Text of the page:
Image provided by: University of Oregon Libraries; Eugene, OR
About The Siuslaw news. (Florence, Lane County, Or.) 1960-current | View Entire Issue (June 27, 2015)
❘ JUNE 27, 2015 ❘ $1.00
SPORTS — B
INSIDE — A3
SERVING WESTERN LANE COUNTY SINCE 1890
legal July 1
Private, personal use legalized —
no buying or selling
B Y C HANTELLE M EYER
Jose De La Mora would have been
a Siuslaw senior this year
Wednesday, July 1, marks the first day for the legal use of
recreational marijuana in Oregon.
Florence Police Department Lt. John Pitcher said, “Now the
possession of marijuana will no longer be a crime, as long as
people abide by the new law. ... I’m not expecting any trouble.”
He also reminded the public that driving under the influence
of marijuana is illegal.
“It’s not legal to smoke it in public and we will definitely
enforce that,” he added. “It’s for private use. You can’t smoke it
in public, and you can’t sell it in public. Those are two things we
will be enforcing.”
City of Florence representatives Erin Reynolds, city manager,
and Wendy FarleyCampbell, planning director, discussed the
importance of knowing the law.
“Our concern from a city perspective is to ensure that people
know what legal really means,” Reynolds said.
An important part of the law is that people can use marijuana
recreationally, but only in private.
“July 1 means you can have recreational marijuana in your
possession if you’re over the age of 21,” she said.
It is also illegal to buy or sell recreational marijuana.
Another part of the law limits each residence to four cannabis
plants. “It doesn’t matter if one person lives there or 15,”
Honeyman Park meeting
brings trail prospects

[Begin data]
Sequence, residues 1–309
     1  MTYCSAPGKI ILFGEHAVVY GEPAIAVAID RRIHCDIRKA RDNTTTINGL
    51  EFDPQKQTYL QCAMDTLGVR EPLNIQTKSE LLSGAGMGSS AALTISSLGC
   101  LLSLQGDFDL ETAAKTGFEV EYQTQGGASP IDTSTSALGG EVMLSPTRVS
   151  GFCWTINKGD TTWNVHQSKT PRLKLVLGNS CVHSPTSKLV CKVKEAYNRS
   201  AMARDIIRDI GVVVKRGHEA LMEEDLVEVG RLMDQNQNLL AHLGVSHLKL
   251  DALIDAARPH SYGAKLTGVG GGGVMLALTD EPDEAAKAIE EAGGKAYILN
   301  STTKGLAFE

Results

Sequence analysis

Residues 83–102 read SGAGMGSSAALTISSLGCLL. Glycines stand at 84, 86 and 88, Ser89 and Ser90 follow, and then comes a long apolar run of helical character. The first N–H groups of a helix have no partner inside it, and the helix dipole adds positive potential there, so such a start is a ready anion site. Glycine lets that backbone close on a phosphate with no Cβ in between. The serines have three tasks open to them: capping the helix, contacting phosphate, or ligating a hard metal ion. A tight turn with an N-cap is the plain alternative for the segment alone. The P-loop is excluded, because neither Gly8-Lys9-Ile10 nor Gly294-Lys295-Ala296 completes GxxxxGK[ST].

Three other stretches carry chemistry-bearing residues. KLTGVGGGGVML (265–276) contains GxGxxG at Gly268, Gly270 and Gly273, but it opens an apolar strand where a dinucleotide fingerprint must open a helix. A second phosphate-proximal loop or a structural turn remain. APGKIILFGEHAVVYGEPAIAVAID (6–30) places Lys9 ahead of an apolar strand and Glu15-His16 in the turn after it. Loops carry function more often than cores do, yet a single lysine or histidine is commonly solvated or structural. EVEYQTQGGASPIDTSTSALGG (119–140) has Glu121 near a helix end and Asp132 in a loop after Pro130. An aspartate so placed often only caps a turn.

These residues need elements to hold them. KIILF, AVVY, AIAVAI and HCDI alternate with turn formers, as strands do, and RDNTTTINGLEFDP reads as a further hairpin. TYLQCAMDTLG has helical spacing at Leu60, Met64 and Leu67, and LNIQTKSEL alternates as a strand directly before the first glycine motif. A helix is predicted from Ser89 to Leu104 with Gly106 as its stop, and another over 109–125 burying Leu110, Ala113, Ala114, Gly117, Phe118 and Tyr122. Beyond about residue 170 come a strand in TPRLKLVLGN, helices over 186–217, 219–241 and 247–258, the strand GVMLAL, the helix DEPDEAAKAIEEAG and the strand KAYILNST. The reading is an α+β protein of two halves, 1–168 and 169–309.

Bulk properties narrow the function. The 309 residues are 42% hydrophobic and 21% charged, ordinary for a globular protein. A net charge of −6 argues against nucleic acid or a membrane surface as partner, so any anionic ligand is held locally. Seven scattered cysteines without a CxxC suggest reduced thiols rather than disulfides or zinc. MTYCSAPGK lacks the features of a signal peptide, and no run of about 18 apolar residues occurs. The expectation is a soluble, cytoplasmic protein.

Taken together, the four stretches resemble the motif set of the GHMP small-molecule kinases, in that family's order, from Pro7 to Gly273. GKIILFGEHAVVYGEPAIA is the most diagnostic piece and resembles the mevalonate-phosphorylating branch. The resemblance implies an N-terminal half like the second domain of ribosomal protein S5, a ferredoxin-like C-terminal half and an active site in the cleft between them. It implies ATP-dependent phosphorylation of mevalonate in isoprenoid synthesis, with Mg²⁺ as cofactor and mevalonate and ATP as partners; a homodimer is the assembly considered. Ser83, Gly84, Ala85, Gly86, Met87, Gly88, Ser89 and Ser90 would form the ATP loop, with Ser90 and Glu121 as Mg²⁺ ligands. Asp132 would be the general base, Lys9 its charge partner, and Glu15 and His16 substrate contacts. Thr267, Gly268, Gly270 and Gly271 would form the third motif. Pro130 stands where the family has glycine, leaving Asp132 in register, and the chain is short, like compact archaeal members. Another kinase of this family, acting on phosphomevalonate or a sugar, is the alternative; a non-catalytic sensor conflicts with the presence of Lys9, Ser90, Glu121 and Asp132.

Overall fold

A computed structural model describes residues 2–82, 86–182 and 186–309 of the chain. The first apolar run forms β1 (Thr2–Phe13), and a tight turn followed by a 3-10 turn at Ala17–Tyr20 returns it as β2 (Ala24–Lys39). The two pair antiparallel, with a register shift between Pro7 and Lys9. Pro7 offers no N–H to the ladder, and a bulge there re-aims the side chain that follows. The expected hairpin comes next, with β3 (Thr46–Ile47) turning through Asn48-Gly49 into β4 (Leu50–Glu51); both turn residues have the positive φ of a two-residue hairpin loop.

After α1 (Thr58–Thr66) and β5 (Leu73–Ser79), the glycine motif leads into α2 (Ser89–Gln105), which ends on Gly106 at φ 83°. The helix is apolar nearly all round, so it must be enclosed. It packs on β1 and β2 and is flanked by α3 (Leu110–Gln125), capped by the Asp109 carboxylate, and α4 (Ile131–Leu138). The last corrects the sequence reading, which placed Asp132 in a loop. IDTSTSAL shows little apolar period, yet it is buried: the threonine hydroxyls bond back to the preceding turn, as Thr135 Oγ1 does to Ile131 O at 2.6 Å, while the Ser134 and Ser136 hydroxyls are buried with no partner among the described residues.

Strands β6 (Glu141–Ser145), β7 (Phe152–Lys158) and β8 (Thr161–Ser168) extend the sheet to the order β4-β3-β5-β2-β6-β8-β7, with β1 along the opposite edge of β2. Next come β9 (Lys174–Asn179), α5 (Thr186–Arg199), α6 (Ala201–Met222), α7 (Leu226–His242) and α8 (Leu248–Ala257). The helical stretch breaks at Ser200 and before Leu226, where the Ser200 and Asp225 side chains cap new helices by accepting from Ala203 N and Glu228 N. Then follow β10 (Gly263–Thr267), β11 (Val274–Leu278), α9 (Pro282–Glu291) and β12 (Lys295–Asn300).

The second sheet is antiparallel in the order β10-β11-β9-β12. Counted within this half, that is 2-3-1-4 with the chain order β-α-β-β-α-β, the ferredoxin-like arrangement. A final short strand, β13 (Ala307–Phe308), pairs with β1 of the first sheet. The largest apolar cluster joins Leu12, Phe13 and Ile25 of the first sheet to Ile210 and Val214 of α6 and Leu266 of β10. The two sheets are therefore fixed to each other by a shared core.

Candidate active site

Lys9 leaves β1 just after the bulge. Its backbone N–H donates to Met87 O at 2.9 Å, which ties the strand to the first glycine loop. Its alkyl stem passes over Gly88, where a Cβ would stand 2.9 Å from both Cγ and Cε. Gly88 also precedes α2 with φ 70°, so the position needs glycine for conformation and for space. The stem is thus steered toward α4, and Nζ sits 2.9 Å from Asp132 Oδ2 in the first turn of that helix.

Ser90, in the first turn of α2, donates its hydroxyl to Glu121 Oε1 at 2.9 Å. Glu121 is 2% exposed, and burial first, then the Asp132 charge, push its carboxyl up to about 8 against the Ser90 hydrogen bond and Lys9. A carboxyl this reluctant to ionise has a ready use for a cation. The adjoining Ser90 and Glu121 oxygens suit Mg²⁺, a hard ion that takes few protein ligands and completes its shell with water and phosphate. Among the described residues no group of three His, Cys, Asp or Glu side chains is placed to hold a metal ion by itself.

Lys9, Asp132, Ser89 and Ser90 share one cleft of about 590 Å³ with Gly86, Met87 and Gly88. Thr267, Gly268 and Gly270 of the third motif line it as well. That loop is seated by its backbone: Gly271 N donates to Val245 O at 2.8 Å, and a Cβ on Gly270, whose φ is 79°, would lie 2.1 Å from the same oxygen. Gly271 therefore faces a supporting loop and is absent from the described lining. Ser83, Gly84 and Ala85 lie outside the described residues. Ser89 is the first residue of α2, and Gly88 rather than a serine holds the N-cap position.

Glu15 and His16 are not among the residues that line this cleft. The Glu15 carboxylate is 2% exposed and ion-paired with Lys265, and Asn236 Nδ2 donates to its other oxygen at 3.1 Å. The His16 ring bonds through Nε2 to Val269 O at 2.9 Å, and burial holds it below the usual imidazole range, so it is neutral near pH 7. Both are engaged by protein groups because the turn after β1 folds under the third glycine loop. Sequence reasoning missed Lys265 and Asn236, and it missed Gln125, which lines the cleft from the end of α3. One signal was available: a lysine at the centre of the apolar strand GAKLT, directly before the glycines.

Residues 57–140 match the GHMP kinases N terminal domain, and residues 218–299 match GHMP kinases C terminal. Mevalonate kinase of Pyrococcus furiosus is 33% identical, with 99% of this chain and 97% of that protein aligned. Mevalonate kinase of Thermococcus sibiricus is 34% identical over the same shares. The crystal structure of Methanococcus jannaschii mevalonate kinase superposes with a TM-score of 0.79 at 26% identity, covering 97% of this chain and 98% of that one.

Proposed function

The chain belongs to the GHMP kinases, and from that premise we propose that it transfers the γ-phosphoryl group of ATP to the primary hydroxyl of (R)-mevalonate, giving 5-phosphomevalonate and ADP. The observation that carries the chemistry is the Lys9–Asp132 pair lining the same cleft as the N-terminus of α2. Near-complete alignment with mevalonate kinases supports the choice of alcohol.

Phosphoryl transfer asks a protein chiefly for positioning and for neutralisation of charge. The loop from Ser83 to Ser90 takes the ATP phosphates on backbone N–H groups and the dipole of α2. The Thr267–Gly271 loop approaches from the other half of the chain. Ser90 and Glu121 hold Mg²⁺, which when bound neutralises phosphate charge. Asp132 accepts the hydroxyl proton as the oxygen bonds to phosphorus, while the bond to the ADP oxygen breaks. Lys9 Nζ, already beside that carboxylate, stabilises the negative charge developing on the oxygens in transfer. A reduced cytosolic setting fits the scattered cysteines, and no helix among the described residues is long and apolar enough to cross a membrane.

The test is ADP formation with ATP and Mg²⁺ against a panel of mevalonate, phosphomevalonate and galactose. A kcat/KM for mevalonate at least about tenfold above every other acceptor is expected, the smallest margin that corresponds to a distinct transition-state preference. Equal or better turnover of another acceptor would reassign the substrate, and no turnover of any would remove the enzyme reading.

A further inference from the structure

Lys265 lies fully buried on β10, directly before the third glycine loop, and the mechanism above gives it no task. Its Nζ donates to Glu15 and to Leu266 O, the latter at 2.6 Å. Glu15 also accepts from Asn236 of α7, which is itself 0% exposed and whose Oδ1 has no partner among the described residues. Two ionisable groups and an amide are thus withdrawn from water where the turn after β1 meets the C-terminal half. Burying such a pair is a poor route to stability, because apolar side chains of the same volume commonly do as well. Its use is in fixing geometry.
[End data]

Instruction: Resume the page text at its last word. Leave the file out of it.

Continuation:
B Y C HANTELLE M EYER
In the second of three public meetings, Honeyman State Park
and Oregon State Park representatives presented their findings
on pedestrian safety and trail evaluations on June 18.
The previous meeting on May 27 allowed community mem-
bers to discuss their favorite parts of Honeyman, which trails
they used recreationally and which areas of the park they fre-
Jaime English, senior planner for Oregon State Parks, sum-
marized findings from the previous meeting, such as the park’s
popularity for running, water sports, dune adventures and camp-
ing and that users want to utilize both sides of the park.
Keeping open the Social Trail was especially important to
local park users.
“We really heard that the Social Trail, and the trails in gener-
al, are incredibly popular with locals, especially for running,”
The Social Trail was historically part of Honeyman’s trail sys-
tem, but was removed from official use with the addition of the
Although it is an informal trail, park users seem to prefer
using it to cross Highway 101.
In this meeting, English presented proposals to revise
Honeyman’s 2009 Trail Plan by looking at current trails and nav-
igation issues and identifying how to best cross Highway 101.
“What we learned from Oregon Department of Transportation
(ODOT) was that a crossing at that location, a formal crossing, a
crosswalk or other formal ODOT measure would not be some-
thing that they would recommend, based on their measurements
and standards for central crossing,” English said.
Deadlines change for
Siuslaw News deadlines move up next week to accommo-
date the Fourth of July holiday on Saturday.
All advertising and news items for the Friday, July 3, issue
must be submitted by Wednesday, July 1, at noon. Line clas-
sifieds are due by noon on Thursday, July 2.
The Siuslaw News office will be closed on July 3.
Call 541-997-3441 for information.
Ambulance . . . . . . . . . . . . .
Classifieds . . . . . . . . . . . . . .
Church . . . . . . . . . . . . . . . .
Opinion . . . . . . . . . . . . . . .
Obituary . . . . . . . . . . . . . . . A2
Word on the Street . . . . . . . A9
Sports . . . . . . . . . . . . . . . . . B
Weather Data . . . . . . . . . . . A2
PHOTO BY JACK DAVIS/SIUSLAW NEWS
B Y C HANTELLE M EYER
fter a 10-hour search,
divers in Woahink
Lake recovered the
body of missing swimmer
Jose De La Mora, 17, Friday
between 10 and 11 a.m.
Initial reports indicate that
five juveniles were swimming
on the east side of the lake on
Thursday, June 25, at 6 p.m.
when they saw a member
of their group go under the
water and not resurface.
Siuslaw Valley Fire and
Rescue (SVFR), U.S. Coast